News Release
December 14, 2012

CDPH Releases Comprehensive Report on Births in Chicago

Teen birth rates drop; Rates of women receiving prenatal care improve


Births In Chicago, 1999-2009 reportCONTACT:

Quenjana Adams


CHICAGO - Today, the Chicago Department of Public Health (CDPH) released 'Births in Chicago, 1999-2009,' a new report providing comprehensive data related to births in the city during an 11-year period. Data presented in the report include number of births, fertility rates, age and health of mothers and infant birth weight. The data are presented by age, race-ethnicity, and Chicago community area. Among the findings:

  • Chicago's teen birth rate decreased 33% during the 11-year period. Though rates remain significantly higher than the national average, Chicago’s decrease is outpacing the 21% nationwide decrease.
  • Women seeking prenatal care during the first trimester increased by 10 percentage points to a new high of 84.3%.
  • The percentage of babies delivered at low birth weight decreased to 9.7%.
  • The number of births to Chicago women who reported smoking while pregnant was cut by more than half to 3.8% in 2009.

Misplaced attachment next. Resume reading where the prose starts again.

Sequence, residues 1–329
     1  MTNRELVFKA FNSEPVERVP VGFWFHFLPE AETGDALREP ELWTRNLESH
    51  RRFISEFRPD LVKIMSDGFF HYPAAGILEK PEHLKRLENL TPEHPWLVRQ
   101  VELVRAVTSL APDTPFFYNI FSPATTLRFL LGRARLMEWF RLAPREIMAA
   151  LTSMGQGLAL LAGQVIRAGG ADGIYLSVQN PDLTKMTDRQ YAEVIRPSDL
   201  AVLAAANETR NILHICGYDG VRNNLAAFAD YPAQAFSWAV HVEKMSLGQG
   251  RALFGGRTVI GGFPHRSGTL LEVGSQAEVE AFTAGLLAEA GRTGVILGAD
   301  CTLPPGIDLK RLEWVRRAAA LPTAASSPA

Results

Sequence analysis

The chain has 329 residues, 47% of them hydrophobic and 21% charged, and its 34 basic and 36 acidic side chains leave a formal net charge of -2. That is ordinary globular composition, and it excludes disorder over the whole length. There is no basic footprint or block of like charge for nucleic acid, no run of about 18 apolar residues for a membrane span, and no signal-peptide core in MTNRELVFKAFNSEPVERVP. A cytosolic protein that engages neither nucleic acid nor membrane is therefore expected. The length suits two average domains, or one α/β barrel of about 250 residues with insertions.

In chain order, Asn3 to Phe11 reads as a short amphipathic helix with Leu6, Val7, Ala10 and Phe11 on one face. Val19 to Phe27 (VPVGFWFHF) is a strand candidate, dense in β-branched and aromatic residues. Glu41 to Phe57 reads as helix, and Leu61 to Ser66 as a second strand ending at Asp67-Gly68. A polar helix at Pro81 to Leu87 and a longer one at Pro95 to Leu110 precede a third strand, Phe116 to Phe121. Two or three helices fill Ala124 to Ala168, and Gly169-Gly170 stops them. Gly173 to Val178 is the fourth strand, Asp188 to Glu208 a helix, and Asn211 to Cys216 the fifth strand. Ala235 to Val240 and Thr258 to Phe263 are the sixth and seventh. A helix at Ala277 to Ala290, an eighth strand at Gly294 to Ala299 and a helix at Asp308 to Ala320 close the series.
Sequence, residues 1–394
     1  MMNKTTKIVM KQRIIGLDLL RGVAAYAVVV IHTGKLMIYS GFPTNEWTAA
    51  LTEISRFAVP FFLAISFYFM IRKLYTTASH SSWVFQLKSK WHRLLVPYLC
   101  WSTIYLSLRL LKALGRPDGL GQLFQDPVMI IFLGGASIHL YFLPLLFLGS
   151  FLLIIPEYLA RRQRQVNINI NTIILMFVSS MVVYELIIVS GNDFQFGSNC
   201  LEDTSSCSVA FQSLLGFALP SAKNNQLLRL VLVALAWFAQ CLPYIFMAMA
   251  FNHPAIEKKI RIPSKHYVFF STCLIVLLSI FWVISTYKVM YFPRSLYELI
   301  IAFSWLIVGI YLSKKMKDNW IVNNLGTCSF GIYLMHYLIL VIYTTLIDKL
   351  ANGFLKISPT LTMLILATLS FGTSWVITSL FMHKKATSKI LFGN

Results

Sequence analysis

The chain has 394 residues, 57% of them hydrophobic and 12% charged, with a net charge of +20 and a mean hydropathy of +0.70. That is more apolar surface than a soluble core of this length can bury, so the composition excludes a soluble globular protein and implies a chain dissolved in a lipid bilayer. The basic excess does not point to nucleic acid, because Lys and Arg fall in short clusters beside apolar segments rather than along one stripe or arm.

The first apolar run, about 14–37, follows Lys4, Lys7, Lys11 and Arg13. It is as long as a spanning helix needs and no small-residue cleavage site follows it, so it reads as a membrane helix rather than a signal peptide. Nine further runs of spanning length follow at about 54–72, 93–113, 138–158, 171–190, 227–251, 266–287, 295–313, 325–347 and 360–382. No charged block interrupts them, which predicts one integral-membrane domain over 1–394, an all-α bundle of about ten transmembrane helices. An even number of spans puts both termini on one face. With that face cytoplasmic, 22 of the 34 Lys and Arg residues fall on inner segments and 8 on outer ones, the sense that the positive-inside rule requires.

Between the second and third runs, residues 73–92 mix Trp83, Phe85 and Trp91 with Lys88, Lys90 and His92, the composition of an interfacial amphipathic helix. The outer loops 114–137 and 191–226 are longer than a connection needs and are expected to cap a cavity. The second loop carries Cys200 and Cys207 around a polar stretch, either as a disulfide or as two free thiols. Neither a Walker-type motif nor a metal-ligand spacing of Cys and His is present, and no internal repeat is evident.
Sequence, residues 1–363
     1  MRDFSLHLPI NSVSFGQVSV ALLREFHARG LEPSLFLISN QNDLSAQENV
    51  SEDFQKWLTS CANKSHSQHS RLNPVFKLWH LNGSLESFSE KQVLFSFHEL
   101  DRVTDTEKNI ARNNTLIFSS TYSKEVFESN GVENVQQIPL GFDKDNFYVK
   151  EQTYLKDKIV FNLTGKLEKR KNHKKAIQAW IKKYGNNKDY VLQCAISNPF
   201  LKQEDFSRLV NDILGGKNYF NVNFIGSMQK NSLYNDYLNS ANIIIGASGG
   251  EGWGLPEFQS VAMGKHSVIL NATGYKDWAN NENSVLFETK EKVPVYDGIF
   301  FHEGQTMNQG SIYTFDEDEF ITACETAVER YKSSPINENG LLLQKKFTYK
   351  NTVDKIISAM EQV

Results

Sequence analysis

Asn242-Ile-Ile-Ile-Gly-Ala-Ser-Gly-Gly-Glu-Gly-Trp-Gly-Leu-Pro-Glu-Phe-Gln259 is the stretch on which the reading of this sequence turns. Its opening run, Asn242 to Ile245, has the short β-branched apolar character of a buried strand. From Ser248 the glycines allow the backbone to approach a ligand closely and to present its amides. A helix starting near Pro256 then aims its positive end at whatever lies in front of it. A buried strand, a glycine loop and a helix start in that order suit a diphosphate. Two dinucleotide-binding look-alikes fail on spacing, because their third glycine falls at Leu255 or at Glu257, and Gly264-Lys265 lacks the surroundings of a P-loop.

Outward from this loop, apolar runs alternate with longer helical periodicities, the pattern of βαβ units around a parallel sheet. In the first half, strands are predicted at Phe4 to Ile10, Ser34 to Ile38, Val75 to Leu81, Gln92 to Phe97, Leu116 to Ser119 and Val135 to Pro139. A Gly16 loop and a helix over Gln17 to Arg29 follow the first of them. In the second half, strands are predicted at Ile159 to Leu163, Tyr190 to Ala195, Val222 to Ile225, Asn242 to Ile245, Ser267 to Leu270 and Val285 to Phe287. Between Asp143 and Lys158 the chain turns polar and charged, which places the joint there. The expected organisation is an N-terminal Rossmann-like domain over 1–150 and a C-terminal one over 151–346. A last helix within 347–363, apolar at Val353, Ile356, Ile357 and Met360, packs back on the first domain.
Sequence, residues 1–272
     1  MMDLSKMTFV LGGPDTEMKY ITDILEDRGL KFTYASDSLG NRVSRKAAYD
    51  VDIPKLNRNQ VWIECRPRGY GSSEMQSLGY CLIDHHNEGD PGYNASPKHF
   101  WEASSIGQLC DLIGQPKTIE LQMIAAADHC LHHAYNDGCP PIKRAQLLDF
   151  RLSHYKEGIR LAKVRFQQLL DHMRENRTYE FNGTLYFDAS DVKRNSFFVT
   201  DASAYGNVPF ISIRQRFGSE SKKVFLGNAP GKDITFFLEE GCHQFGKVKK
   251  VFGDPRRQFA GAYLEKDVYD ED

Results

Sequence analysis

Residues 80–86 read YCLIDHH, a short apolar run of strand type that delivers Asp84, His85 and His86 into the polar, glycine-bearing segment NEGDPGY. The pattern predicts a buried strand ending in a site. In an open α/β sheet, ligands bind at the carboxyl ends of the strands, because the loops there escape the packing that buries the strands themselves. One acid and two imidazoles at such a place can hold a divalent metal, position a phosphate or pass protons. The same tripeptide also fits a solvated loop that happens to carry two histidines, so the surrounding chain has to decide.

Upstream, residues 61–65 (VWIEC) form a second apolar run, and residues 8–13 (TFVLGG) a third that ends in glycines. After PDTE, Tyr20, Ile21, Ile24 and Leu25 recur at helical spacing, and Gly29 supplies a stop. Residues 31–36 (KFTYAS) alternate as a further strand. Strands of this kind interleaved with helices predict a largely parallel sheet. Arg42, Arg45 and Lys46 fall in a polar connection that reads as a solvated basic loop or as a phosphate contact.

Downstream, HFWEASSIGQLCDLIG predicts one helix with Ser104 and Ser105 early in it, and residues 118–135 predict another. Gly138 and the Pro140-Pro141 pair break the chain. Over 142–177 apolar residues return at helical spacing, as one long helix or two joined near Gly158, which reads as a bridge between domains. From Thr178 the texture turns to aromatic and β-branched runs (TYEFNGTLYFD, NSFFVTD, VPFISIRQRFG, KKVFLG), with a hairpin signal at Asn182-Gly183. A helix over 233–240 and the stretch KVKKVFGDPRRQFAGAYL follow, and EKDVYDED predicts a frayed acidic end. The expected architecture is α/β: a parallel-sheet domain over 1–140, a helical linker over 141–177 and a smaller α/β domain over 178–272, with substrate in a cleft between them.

• Birth rates for women 35-44 years of age increased 40% during the period; increases were most pronounced among Non-Hispanic Asian and Non-Hispanic white women. 

"Ensuring the health and well-being of our mothers and infants is critical to making Chicago the healthiest city in the nation," said Dr. Bechara Choucair, CDPH Commissioner. "Through our Healthy Chicago initiative, we have prioritized bringing down the number of infants born at a low birth weight and teen births. Though we still have more work to do, Chicago is moving in the right direction."

“This report provides local organizations and health care professionals with information that we hope will help spur new research, policy development and advocacy to improve perinatal health in Chicago,” according to CDPH Epidemiologist Kirsti Bocskay, Ph.D, MPH.

To further decrease teen pregnancy rates, CDPH is working with the Chicago Public Schools to pilot a new condom availability program, implement comprehensive sex education at all grade levels, establish a data repository to track adolescent health and launch a city-wide public awareness campaign. This initiative and others will help meet Healthy Chicago’s goals to significantly reduce the birth rate among Chicago teens by 2020.

Download the Births in Chicago, 1999-2009 report here.